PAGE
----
Donkeys cart stolen cars off to Zimbabwe
Horsepower is a key measure of vehicle performance, but some cross-border vehicle smugglers found a lack of donkey power their undoing this week.
Police thwarted a daring attempt to smuggle a stolen luxury vehicle across the Limpopo River using donkeys to pull it through the muddy sand and into Zimbabwe, a practice that is becoming increasingly commonplace.
Police said they found the Mercedes Benz C220 stuck in the river bed on Monday, after efforts to pull it across using at least four donkeys were abandoned.
"The suspects were using donkeys to pull the car across the river but our members were just in time to pounce on them after the donkeys were apparently no longer able to pull it through the sand," said Limpopo police spokesman Brigadier Motlafela Mojapelo.
"The suspects fled into the bushes on the Zimbabwe side."
South African National Defence Force (SANDF) Joint Operation spokesman Colonel Piet Pixon told Sowetan that vehicles were being smuggled by a major syndicate operating at the borders, particularly in KwaZulu-Natal, Limpopo and Mpumalanga.
"They dig into the river sand and place huge rocks to allow vehicles to pass through while been pulled by donkeys."
At least 88 stolen luxury vehicles have been recovered since January after they were sneaked through South African borders with Mozambique and Zimbabwe, according to the SANDF.
"At the beginning of the year we would recover at least 15 stolen vehicles per month," Pixon said.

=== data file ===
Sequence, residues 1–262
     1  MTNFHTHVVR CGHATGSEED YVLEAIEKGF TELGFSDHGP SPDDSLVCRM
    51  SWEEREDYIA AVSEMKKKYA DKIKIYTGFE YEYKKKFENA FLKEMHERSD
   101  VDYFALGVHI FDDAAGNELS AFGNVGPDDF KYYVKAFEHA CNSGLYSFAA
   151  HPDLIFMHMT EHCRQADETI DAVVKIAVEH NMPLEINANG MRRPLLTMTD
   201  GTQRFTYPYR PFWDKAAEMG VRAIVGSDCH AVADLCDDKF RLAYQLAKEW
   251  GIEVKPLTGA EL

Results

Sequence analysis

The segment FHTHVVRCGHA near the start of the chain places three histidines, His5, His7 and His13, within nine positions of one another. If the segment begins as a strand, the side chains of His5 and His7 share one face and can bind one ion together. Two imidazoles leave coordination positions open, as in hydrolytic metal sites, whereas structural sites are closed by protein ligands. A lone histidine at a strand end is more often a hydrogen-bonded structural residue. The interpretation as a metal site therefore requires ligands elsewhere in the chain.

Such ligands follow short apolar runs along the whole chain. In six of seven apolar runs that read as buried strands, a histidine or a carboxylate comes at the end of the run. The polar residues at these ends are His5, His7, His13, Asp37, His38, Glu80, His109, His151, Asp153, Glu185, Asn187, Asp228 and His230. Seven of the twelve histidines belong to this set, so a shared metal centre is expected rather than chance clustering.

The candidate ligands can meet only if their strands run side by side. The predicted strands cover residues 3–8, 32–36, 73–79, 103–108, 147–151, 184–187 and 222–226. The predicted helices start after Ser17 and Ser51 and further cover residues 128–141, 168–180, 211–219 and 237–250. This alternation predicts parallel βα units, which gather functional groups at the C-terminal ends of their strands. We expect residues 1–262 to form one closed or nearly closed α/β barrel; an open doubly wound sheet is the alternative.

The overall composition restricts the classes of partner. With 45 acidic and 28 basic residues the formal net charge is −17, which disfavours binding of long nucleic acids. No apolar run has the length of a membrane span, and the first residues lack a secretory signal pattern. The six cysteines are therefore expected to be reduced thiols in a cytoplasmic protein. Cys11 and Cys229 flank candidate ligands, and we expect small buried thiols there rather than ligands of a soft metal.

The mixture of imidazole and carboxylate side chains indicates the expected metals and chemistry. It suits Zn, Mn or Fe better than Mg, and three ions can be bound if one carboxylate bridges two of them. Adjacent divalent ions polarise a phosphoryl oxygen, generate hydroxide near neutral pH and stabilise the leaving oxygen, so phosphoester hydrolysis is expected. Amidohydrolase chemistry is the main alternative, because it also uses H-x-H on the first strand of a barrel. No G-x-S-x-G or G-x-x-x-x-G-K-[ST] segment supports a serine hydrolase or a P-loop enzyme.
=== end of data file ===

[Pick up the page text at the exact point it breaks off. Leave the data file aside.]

"However, due to intensified visibility on our borders, the number has been reduced to eight.
"Criminals are targeting trucks, SUVs and bakkies, particularly Toyota and Isuzu."
The SANDF recovered the vehicles through its Operation Corona, which is targeting cross-border car theft.
Last week, a police operation targeting areas along the border between Phafuri and Pontdrift recovered vehicles that got stuck in the middle of the Limpopo River.
One of the vehicles, a white Mercedes Benz, was apparently stolen in Durban and belonged to a car rental company. It was allegedly destined for Zimbabwe.
Police further recovered a Range Rover Sport valued at R900000 en route to Malawi. The vehicle was on the verge of being smuggled through Beitbridge border post.
A Ford Ranger was intercepted when the alleged suspects were about to cross the Limpopo River.
They also fled into the bushes when police arrived.
Last year, several vehicles were also recovered from the river after getting stuck in the mud and left covered with tree branches and rocks to conceal them.